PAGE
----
Rick Mears Corvette: Interview with Larry Shinoda
© Wayne Ellwood, 1995
Used here with permission by the author
Q. How did the Rick Mears car start?
A. The idea goes back to about late 1986, about the time the Corvette was the Pace Car at INDY.
Jumping ahead in time just a bit, the project was ultimately funded by Jim Williams, who was one of the sponsors on Penske's cars. His business was called Golden State Foods and he basically provides about 80% of all MacDonalds hamburger meat and packaged condiments. He has a couple of other businesses with other partners doing things like providing the croutons, as well. All together his companies probably gross about $2.2 billion a year. So he's a heavy hitter.
I had met Jim Williams at INDY and got to know him fairly well. Anyway, one year we were talking about various things when I mentioned this Corvette body kit project I had in progress. I told him that I had been consulting with Modern Engineering, which is one of the largest engineering firms in Detroit, trying to help them break into the group of companies that General Motors uses for its projects. I had suggested that we do a Corvette body kit and then they would have a product they could show. I had done some drawings for them but still nothing really happened. They just couldn't seem to get inside.
Finally, I took the drawings in and made an appointment with Chuck Jordan. I used Chuck as my entry point and we got a few people together. I recall that we had Stan Wilen who was the group executive for CPC and John Cafaro who was the chief designer for the Corvette. But he forgot to invite Jerry Palmer. That turned out to be a bit of a faux pas because he felt left out. So the concept really died inside GM after that.
Jim Williams asked when I could show him the drawings of this Corvette. I told him I would show them to him at Long Beach -- that was going to be in April of 1989. Rick Mears happened to be in the motorhome at Long Beach when I did bring the drawings and said he would like to have one of those. So Jim asked him if he would lend his name to it. Rick said he would if it looked like the drawings. At that point we had a deal.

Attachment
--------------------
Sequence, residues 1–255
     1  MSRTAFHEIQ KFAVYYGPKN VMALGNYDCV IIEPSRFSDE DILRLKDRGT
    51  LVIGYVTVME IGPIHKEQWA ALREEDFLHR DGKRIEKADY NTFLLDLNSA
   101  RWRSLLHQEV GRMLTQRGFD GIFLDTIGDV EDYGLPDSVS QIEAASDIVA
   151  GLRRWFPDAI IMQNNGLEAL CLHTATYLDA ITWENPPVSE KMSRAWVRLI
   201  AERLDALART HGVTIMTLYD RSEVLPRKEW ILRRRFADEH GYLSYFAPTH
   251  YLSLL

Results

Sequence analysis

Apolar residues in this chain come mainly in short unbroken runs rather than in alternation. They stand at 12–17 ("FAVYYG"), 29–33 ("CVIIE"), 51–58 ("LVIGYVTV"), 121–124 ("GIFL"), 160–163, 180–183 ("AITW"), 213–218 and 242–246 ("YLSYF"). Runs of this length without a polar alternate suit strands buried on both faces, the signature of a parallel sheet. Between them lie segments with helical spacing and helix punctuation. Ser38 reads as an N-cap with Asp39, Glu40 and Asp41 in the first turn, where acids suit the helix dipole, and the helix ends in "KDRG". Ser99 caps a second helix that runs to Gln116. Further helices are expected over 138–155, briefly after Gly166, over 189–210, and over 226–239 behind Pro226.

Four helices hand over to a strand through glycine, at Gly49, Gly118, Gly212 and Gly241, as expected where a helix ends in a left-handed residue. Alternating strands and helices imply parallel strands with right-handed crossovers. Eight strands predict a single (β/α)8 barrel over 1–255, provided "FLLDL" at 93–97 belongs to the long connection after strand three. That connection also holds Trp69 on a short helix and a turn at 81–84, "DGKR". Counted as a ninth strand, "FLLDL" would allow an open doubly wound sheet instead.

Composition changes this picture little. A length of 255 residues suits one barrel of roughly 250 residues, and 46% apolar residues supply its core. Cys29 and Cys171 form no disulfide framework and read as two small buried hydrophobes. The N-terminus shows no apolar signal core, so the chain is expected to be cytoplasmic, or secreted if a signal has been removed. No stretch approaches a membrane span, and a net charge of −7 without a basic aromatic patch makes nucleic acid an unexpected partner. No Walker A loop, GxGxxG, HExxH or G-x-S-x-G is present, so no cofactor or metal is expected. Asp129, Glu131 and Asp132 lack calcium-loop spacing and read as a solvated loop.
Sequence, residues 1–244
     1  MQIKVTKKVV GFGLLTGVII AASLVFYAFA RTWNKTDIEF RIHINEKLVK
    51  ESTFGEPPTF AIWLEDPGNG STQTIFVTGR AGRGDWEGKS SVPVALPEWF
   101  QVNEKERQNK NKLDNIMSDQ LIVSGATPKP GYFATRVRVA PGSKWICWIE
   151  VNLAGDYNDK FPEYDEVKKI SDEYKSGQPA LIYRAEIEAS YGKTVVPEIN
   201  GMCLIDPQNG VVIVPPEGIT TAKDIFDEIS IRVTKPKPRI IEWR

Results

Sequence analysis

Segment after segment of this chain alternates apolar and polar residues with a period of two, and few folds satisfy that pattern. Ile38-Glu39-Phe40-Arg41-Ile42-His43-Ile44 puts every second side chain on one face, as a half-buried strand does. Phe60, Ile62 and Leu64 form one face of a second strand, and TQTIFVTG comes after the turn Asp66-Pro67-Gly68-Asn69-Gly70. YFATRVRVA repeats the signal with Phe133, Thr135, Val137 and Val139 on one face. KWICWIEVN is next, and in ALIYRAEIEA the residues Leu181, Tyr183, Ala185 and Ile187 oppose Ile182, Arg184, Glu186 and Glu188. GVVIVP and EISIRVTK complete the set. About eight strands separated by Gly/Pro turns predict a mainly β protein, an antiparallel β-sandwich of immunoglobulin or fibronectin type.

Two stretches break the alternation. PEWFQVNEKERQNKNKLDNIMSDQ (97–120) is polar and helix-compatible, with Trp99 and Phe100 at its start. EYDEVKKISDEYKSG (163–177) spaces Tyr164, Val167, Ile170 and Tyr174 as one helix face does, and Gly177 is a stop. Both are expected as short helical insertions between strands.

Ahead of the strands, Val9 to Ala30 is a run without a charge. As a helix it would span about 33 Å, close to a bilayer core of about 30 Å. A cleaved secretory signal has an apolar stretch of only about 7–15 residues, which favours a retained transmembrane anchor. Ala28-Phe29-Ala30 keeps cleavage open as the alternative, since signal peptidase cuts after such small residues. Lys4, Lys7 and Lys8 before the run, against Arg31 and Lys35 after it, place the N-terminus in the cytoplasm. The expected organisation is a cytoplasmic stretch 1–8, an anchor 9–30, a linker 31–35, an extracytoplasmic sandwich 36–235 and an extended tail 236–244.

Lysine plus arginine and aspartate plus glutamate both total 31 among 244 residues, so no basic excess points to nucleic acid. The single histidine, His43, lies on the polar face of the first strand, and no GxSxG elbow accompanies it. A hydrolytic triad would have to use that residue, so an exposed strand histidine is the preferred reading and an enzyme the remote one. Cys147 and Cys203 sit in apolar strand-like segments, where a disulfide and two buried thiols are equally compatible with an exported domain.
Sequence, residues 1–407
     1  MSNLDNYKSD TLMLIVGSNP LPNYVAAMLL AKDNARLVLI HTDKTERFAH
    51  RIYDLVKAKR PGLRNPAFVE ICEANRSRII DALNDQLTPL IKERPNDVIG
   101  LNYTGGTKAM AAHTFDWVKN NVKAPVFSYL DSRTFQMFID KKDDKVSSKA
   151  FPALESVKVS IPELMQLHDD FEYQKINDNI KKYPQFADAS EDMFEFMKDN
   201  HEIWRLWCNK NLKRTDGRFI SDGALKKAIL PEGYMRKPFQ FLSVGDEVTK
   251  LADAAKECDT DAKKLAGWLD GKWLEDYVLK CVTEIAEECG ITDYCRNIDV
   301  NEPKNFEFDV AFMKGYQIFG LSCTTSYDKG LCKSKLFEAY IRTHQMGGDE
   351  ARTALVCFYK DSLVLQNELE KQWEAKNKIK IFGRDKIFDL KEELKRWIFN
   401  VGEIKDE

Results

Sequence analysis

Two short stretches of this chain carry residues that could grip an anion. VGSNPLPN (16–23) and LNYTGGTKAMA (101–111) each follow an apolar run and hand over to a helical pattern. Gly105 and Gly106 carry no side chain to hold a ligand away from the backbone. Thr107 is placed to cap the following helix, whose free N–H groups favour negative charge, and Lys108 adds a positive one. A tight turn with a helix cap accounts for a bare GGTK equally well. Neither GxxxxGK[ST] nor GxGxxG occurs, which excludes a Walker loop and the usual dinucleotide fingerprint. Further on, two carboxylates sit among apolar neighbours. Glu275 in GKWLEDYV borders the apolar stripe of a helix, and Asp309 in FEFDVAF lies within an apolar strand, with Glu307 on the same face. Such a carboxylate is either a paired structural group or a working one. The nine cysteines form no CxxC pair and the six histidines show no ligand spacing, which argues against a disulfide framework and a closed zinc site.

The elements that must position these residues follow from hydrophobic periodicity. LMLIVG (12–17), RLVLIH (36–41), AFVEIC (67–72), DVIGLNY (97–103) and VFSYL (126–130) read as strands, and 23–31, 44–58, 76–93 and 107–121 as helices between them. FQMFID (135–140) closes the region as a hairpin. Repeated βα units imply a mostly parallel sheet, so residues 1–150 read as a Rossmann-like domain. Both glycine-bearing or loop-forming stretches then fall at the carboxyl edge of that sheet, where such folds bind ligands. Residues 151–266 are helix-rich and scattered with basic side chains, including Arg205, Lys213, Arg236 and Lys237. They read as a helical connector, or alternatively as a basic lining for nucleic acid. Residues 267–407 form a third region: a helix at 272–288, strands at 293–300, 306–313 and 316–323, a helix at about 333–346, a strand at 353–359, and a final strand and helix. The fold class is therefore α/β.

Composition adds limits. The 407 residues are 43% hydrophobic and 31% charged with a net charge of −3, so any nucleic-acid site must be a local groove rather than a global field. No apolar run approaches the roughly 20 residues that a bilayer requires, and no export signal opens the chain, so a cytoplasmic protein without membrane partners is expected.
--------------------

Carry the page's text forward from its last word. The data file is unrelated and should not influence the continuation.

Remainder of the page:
The first Rick Mears "special" was shown at the LA autoshow in January of 1990. We got really good press from that.
When we returned, GM did a wind tunnel test and found out that the design had some features whihc were considerably better than the production Corvette. This shouldn't have been too much of a surprise because the production car was designed to a broader set of criteria and couldn't present all the ideas that I did. A lot of the design work was intuition, as far as the aerodynamics was concerned but I had also talked with some of the GM "aero" people at various points in the process. All I did was soften the original design, enhance it and give it a little bit of the coke bottle. I personally didn't like the belt-line on the production Corvette either, so I took out the rub strip that GM used to hide the body seams.
I think that one of the best features was the "stinger" style rear-end treatment. The wind tunnel test showed that there was really next to no effect from the front end treatment but by pulling out the rocker panels and working on the dam we really achieved some good results. The rocker panels help the wind re-attach to the car along the side of the car. In the production model it just "boils" off the side. Also, we got the same engine cooling with no side gills. The five inches of rear spoiler help the air re-attach to the deck and run off clean. It also generated downforce; it really did a good job on cutting the lift.
The body kit I designed also had a number of features that I like better than the stock Corvette. The rub strips on the proeduction car don't really succeed as a design, in my opinion. I understand that they make the production easier but I just don't like them. My design is much cleaner. From what I have seen, they are retaining the strips on the new C-5 model.
Here is a photo of the Corvette kit with Bill Nichols 1963 in the background. This photo was taken by Ken Hanna of Troy Michigan. He does a lot of work for Corvette Quarterly.
When we talk about aerodynamics, though, I should mention that some of my best work was on the Penske trucks. I really liked that work. The skirts on those trucks really took off the bow wave and helped air flow smoothly down the side. This ended up cutting down the amount of water spray generated as well.